1066 and All That

Presentism [prez-ent-iz-uhm] is a mode of literary or historical analysis in which present-day ideas and perspectives are anachronistically introduced into depictions or interpretations of the past. Some modern historians seek to avoid presentism in their work because they believe it creates a distorted understanding of their subject matter.

The practice of presentism is a common fallacy in historical writings. Historian David Hackett Fischer identifies presentism as a fallacy also known as the ‘fallacy of nunc pro tunc’ (‘now for then,’ a court ruling applied retroactively to correct an earlier ruling). He has written that the ‘classic example’ of presentism was the so-called ‘Whig history,’ in which certain eighteenth- and nineteenth-century British historians wrote history in a way that used the past to validate their own political beliefs.

This interpretation was presentist because it did not depict the past in objective historical context, but instead viewed history only through the lens of contemporary Whig beliefs. In this kind of approach, which emphasizes the relevance of history to the present, things which do not seem relevant receive little attention, resulting in a misleading portrayal of the past. ‘Whig history’ or ‘whiggishness’ are often used as synonyms for Presentism, particularly when the historical depiction in question is teleological or triumphalist.

Presentism has a shorter history in sociological analysis, where it has been used to describe technological determinists who interpret a change in behavior as starting with the introduction of a new technology. For example, scholars such as Frances Cairncross proclaimed that the Internet had led to ‘the death of distance,’ but most community ties and many business ties had been transcontinental and even intercontinental for many years.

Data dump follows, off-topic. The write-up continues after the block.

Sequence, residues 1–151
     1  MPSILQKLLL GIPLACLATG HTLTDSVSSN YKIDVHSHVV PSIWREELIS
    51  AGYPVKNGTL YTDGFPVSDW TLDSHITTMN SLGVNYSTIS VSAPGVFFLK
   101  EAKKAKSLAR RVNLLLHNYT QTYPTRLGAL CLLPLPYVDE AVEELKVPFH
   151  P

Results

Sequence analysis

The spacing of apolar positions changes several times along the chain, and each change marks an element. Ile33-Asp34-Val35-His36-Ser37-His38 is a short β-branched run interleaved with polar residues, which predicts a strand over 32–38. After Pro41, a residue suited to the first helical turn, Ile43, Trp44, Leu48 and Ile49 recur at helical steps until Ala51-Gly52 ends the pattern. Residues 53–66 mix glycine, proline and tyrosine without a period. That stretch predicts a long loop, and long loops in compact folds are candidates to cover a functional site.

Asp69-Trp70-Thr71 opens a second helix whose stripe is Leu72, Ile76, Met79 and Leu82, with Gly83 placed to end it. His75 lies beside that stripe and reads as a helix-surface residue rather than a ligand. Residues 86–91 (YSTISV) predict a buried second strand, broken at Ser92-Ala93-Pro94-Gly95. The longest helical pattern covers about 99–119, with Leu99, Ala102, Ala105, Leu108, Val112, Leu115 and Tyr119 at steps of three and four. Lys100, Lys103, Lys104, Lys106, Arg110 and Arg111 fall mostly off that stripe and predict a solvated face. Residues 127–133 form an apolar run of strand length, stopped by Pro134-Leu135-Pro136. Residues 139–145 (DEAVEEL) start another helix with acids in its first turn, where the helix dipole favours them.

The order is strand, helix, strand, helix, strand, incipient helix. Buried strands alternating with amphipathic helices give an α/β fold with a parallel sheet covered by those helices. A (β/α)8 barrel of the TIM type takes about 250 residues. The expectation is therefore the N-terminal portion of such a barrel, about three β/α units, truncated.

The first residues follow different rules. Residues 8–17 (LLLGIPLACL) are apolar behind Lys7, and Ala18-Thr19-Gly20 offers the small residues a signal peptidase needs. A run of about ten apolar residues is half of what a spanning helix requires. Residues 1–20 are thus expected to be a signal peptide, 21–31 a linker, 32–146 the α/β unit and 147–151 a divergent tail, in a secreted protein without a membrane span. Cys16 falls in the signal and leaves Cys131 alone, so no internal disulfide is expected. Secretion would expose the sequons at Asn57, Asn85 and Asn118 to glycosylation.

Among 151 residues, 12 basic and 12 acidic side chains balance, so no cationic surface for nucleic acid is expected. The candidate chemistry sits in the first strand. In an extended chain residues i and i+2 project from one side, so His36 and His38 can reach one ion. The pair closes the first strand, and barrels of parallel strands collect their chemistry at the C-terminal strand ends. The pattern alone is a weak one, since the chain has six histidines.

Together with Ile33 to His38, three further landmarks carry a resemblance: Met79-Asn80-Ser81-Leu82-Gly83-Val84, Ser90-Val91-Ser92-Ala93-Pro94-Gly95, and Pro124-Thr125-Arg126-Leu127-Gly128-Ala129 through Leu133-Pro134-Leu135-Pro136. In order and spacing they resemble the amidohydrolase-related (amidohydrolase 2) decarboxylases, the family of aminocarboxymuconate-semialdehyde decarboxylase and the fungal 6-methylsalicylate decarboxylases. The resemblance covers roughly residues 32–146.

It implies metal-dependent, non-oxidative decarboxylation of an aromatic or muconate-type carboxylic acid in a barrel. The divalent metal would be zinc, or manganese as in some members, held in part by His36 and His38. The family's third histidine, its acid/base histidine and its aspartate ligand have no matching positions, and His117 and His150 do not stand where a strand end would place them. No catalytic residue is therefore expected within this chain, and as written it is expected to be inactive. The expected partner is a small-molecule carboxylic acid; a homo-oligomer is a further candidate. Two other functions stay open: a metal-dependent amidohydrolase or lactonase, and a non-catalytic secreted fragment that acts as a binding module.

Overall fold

Presentism is also a factor in the problematic question of history and moral judgments. Among historians, the orthodox view may be that reading modern notions of morality into the past is to commit the error of presentism. To avoid this, some historians restrict themselves to describing what happened, and attempt to refrain from using language that passes judgment. For example, when writing history about slavery in an era when the practice was widely accepted, using language that condemns slavery as wrong or evil would be presentist, and should be avoided.

Critics respond that to avoid moral judgments is to practice moral relativism, a controversial idea. Some religious historians argue that morality is timeless, having been established by God; they say it is not anachronistic to apply timeless standards to the past. (In this view, while mores may change, morality does not.) Others argue that application of religious standards has varied over time as well. Saint Augustine, for example, holds that there exist timeless moral principles, but contends that certain practices (such as polygamy) were acceptable in the past because they were customary, while they are neither customary nor acceptable at present. Others argue that historians as humans cannot truly be objective and so moral judgments will always be a part of their work. David Hackett Fischer, for his part, writes that historians cannot avoid making moral judgments and ought to make them, but that they should be aware of their biases, and write history in such a way that their biases do not create a distorted depiction of the past.

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